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Coated stents superior to bare metal stents in reducing restenosis, study finds

Date:
February 9, 2011
Source:
Wiley - Blackwell
Summary:
A systematic review of medical evidence has determined drug-eluting stents (DES) outperform bare metal stents (BMS) for revascularization of chronic total occlusions. Researchers found coated stents reduce restenosis and target revascularization, offering a safe approach with similar adverse events as BMS.

A systematic review of medical evidence has determined drug-eluting stents (DES) outperform bare metal stents (BMS) for revascularization of chronic total occlusions. Researchers found coated stents reduce restenosis and target revascularization, offering a safe approach with similar adverse events as BMS.

Full findings are available in the February issue of Catheterization and Cardiovascular Interventions, a journal published by Wiley-Blackwell on behalf of The Society for Cardiovascular Angiography and Interventions.

Medical evidence maintains that chronic total occlusions (CTOs) -- with routinely low procedural success and high incidence of target vessel failure -- represent the most challenging type of coronary lesion in interventional cardiology. While specialized guidewires and advanced techniques have improved CTO angioplasty, high rates of restenosis and reocclusion remain a challenge.

To determine the performance of DES implantation in CTOs, Emmanouil Brilakis, MD, PhD, FSCAI -- of VA North Texas Healthcare System and the University of Texas Southwestern Medical Center in Dallas -- and colleagues performed a systematic review of medical literature published in online databases (PubMed, EMBASE, Cochrane Library) and cardiology societies' websites. The researchers found 17 published studies that reported outcomes for sirolimus- or paclitaxel-eluting stents and BMS implantation for coronary occlusions.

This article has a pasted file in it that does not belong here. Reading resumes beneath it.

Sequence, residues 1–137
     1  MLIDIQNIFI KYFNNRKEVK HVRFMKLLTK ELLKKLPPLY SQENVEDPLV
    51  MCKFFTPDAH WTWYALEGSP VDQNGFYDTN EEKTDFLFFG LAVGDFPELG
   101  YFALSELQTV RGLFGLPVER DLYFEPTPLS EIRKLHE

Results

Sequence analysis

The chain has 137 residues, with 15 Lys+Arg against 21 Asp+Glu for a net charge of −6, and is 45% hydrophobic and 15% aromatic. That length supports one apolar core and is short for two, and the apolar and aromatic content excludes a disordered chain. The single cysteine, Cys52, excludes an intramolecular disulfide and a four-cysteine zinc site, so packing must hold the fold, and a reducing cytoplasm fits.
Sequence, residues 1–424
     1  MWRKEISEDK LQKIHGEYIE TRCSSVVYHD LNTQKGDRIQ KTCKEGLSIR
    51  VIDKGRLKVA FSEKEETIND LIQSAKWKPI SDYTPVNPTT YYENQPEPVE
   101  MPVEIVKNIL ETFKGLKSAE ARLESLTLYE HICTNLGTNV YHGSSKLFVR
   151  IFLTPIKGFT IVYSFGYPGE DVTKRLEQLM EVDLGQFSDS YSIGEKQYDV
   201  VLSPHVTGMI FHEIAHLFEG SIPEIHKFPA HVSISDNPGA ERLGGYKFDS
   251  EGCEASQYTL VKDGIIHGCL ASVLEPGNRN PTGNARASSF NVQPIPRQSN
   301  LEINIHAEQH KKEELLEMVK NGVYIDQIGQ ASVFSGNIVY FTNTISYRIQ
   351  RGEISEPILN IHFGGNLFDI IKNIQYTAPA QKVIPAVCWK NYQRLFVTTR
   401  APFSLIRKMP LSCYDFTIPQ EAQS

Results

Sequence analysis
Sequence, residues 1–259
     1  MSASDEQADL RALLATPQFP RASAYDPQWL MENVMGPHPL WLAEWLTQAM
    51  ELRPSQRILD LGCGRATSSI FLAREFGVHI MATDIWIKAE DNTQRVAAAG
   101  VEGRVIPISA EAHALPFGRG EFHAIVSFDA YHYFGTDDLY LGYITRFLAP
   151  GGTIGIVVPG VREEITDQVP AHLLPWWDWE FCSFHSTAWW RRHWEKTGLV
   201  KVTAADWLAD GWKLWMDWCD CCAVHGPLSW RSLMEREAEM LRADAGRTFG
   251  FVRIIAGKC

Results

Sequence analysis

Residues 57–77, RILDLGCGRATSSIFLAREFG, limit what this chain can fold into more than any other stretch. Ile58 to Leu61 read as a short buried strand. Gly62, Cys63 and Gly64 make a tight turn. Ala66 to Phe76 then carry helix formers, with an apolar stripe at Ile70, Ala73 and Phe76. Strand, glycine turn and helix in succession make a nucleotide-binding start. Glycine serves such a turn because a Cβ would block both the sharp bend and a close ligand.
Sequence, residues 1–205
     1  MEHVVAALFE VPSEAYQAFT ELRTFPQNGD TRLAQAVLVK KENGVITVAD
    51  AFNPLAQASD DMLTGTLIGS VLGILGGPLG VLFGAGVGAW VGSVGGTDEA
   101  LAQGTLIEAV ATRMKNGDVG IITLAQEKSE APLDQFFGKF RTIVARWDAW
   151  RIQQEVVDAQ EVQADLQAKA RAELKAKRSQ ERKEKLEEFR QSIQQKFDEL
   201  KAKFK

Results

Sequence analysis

"Our findings confirm that treatment of total coronary occlusions with DES is associated with significant reductions in angiographic and clinical restenosis, compared with BMS," said Dr. Brilakis. Analysis of angiographic outcomes in the studies revealed less restenosis with DES implantation compared to BMS (odds ratio -- 0.15). At 6 to 12 months, target lesion and vessel revascularization were also consistently lower among DES-treated patients (odds ratio of 0.13 and 0.18, respectively). In a 19-month follow-up period the cumulative incidence of mortality, heart attack, or stent thrombosis was similar between DES and BMS in all studies.

Dr. Brilakis concluded, "The consistency and magnitude of treatment effect in the individual studies and meta-analysis establish DES as the standard therapy for CTO revascularization. Large, prospective trials that offer additional information on the role of DES in CTO, and determine if second generation DES could provide even more favorable outcomes are needed." Currently, three such studies are underway in the Netherlands, Spain, and the U.S. which will provide further medical evidence on the use of DES in treating total occlusions.


Story Source:

The above story is based on materials provided by Wiley - Blackwell. Note: Materials may be edited for content and length.


Journal Reference:

  1. Bilal Saeed, David E. Kandzari, Pierfrancesco Agostoni, William L. Lombardi, Bavana V. Rangan, Subhash Banerjee, Emmanouil S. Brilakis. Use of drug-eluting stents for chronic total occlusions: A systematic review and meta-analysis. Catheterization and Cardiovascular Interventions, 2010; DOI: 10.1002/ccd.22690

Cite This Page:

Wiley - Blackwell. "Coated stents superior to bare metal stents in reducing restenosis, study finds." ScienceDaily. ScienceDaily, 9 February 2011. <www.sciencedaily.com/releases/2011/02/110209082811.htm>.
Wiley - Blackwell. (2011, February 9). Coated stents superior to bare metal stents in reducing restenosis, study finds. ScienceDaily. Retrieved October 23, 2014 from www.sciencedaily.com/releases/2011/02/110209082811.htm
Wiley - Blackwell. "Coated stents superior to bare metal stents in reducing restenosis, study finds." ScienceDaily. www.sciencedaily.com/releases/2011/02/110209082811.htm (accessed October 23, 2014).

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